Scorned Victims of Murder

There are victims of serial killers and atrocious murderers whom no one cares about. Their names are known. Their connections apparent, their pain obvious, and yet the public at large still ignores them and many even point fingers and gossip. These victims rarely matter to anyone but each other. They are the killer’s family and friends.

The family and loved ones of convicted killers are treated with extreme disrespect in most cases and even abused physically, emotionally and mentally (including cyberbullying) and no one cares. No one does anything about it. I scoured the Internet for hours and found only a handful of articles and videos on the subject. The family members of killers go through an immense pain not unlike the death of a child or loved one. If the death penalty is on the table, the loss of a child is no different for them than other parents. They are left with feelings of horror, grief, denial, outrage, misery and confusion with no one to turn to but each other. Why is their pain any less significant?

Can you imagine how Isaac Zamora’s mother must feel? He is a delusional spree killer from Washington who killed several innocent people, including women and cops. His neighbors, people he liked. Isaac suffers from severe Schizophrenia. For years his mother begged for help. She committed him, she monitored him, she told his doctors of his violent, abusive and unusual behavior. Nothing was done. Or not enough was done. She feels the grief of each person her son killed and the grief of losing him twice. She lost him to mental illness and to murder. Her agony is doubled, tripled that of other involved in the case as she bears it from all directions. No outpouring of public empathy ours her way. She is threatened. She must always be careful and fears for her life at times.

Victim’s assistance programs aren’t offered to the killer’s family.  They are left alone to cope. The public rarely recognizes them positively. An article on CNN states; “In the aftermath of a massacre, questions and criticism are frequently directed at the parents, spouses and children of the accused. The public sometimes sympathizes, often criticizes and even goes so far as to blame family members for the actions of their kin.”

What the hell is going on here?

Many people may point to the fact that it is always close family members who provide the weapons, as in the case of school shooter Adam Lanza, whose mother financed his arsenal. That argument makes no sense, however, when faced with quotes like this about killers; “The more psychopathic they are, the better they are about hiding it.” from violence expert, Sandra Brown. Professional psychologists the world over tell us people are hardwired to believe and protect their kin, even when it comes to facing hard evidence. The human mind still wants to find a solution for the one we love. People must realize that there will always be someone, somewhere who loves that heinous murderer and should not be punished for that.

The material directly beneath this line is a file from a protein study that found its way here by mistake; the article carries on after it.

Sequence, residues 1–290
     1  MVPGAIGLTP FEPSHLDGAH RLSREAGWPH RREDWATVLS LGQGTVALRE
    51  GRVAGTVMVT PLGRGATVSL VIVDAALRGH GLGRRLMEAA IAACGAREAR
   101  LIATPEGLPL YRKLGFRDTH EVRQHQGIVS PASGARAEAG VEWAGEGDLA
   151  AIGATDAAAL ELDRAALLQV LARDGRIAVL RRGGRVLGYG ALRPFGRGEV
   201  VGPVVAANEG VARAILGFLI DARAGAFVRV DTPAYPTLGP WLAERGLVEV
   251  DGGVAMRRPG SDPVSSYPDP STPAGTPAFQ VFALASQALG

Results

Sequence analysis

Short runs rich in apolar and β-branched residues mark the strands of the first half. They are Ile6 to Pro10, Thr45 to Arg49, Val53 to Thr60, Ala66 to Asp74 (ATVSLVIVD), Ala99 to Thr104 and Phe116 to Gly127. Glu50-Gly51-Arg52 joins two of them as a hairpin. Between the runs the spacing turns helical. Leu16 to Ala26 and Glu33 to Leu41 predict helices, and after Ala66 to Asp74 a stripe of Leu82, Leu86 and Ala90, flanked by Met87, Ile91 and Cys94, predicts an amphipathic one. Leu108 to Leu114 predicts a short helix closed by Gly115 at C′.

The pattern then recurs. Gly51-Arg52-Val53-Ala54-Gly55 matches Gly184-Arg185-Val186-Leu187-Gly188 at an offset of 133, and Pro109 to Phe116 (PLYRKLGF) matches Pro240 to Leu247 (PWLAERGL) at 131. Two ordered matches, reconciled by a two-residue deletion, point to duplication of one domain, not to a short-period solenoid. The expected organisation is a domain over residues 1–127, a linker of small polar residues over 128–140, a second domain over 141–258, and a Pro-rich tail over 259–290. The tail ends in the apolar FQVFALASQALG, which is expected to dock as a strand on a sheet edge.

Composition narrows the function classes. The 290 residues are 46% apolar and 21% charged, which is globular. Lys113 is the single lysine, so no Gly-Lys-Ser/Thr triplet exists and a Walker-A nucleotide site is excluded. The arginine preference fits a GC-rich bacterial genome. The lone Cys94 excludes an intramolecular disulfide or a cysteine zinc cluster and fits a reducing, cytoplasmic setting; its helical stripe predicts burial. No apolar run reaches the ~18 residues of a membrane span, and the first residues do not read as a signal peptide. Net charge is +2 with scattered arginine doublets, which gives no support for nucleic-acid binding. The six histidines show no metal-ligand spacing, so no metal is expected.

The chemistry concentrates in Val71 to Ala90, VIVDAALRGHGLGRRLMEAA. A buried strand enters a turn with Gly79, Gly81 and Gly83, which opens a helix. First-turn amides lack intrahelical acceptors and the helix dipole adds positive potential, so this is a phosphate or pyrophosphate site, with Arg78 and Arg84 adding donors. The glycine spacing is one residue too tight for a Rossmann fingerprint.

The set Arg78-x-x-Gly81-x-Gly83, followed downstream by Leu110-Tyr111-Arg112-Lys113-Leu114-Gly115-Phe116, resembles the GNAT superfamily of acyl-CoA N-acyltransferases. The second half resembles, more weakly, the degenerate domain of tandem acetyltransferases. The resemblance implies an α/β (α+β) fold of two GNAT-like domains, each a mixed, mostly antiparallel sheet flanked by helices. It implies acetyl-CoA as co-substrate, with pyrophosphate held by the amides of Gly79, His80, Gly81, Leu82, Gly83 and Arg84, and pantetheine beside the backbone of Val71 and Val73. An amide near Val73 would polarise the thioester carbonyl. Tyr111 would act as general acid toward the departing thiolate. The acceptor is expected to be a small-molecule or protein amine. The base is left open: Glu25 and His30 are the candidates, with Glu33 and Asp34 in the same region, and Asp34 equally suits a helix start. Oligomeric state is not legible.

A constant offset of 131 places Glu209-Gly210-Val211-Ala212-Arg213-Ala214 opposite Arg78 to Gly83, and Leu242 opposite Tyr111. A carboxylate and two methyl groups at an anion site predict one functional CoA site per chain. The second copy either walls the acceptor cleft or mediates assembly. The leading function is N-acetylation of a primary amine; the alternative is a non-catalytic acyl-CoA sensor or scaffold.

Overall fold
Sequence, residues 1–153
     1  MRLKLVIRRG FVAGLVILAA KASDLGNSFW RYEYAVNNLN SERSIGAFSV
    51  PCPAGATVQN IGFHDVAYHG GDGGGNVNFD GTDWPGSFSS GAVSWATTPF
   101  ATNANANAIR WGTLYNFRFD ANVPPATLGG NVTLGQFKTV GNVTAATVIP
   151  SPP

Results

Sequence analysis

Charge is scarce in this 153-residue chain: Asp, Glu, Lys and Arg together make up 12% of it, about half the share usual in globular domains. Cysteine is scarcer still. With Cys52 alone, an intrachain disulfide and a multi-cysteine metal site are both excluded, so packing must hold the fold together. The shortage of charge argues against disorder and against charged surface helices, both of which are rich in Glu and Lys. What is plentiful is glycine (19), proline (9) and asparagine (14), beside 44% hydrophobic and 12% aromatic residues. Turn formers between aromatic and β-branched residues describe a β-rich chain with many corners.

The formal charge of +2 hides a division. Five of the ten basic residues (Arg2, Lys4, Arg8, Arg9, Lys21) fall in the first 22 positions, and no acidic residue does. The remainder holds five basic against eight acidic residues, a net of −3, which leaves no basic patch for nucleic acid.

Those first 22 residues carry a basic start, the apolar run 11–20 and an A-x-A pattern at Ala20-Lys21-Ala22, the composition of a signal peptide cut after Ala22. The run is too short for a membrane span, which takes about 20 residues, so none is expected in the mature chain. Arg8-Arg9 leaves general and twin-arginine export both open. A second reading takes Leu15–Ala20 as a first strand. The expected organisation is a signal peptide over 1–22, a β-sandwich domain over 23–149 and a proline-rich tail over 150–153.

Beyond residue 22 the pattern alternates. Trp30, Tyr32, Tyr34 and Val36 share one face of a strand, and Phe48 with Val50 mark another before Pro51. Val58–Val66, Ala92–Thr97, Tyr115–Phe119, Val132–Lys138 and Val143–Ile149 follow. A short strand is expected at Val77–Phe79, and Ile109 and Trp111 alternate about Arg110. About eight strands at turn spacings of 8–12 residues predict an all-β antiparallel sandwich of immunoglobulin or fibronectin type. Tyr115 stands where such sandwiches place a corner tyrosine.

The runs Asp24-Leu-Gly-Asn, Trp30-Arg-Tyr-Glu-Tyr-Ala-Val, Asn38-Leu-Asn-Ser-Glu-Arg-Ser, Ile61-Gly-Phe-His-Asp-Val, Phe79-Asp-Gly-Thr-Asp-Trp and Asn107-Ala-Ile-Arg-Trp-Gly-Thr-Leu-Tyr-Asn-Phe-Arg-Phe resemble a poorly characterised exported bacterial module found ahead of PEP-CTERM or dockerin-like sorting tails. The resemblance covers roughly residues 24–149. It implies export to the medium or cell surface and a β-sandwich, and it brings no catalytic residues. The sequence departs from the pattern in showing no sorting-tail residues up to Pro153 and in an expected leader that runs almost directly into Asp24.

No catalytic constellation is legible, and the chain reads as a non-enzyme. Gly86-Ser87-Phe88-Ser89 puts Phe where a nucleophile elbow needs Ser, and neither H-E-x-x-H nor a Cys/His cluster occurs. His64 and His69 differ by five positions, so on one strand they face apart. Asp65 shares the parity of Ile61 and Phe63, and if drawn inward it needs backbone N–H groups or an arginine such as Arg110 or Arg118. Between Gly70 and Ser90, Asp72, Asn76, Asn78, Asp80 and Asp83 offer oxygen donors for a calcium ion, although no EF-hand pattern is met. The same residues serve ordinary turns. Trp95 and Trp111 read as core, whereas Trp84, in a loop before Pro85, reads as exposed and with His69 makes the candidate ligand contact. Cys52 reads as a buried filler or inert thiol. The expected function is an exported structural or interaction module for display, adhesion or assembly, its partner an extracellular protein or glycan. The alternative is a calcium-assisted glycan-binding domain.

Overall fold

Experts agree that killer’s families are victims as well. A USA Today article on the subject stated: When young people turn violent, we naturally turn to parenting to explain what went wrong, even though research suggests that hidden, often undiagnosed mental health problems — as well as perpetrators' relationships with peers, teachers and others — can play a much bigger role.

Tragedy Compounded: Killers Parents Become Instant Pariahs
Killers Families Left to Confront Fear and Shame

1 comment:

  1. The first thing that comes to mind as I read this brief post is Eric Harris and Dylan Klebold who spent a year preparing for what many consider the worst school shooting in history. Eric had a website where he threatened to kill former friend Brooks Brown. This was brought to the police, and of course nothing was done. Even the day of the shooting, lives might have been saved, had the police moved in sooner instead of leaving the children to fend for themselves and find their own escape route.

    The stigma attached is that people who commit horrendous crimes come from broken homes and ultimately are designed to fail, so it comes as no surprise when they commit acts of violence. But of course, this is not always the case.

    All too often, other key players in the game are not held liable for their role. The act itself becomes what as Tool stated in one of their song lyrics "One big festering neon distraction," until the media throws something else in our face after that 15 minutes of fame has passed.

    My point is, many families do care and do take the necessary steps to correct ill behavior in potential sociopaths and we love to point the finger at them like they are the monster. Meanwhile, the professionals are never considered accessories. How is knowing someone's violent tendencies and doing nothing any different than being the getaway driver in a car like an Eileen Huber any different?

    I'm rambling. It's 7am. I barely had coffee. I wish our system was different. Its beyond the point of broken and if something happens to promulgate change in my lifetime, I will be surprised.

    On a side note, some of the people at my job are on cash assistance and the state I live at provides little to no resources for them to succeed. You might say we are setting them up for failure. One can argue there is unlimited demand and limited resources, but that doesn't change a thing.

    Maybe if we took more proactive steps to make the world a better place instead of pointing our proverbial finger and saying that's the bad guy, and lynching the families of the killers like a Salem Witch Trial for raising such a bad seed, part in parcel to the media's sensationalism, things will be different. Unfortunately, solving problems doesn't make money, reporting death and destruction does.


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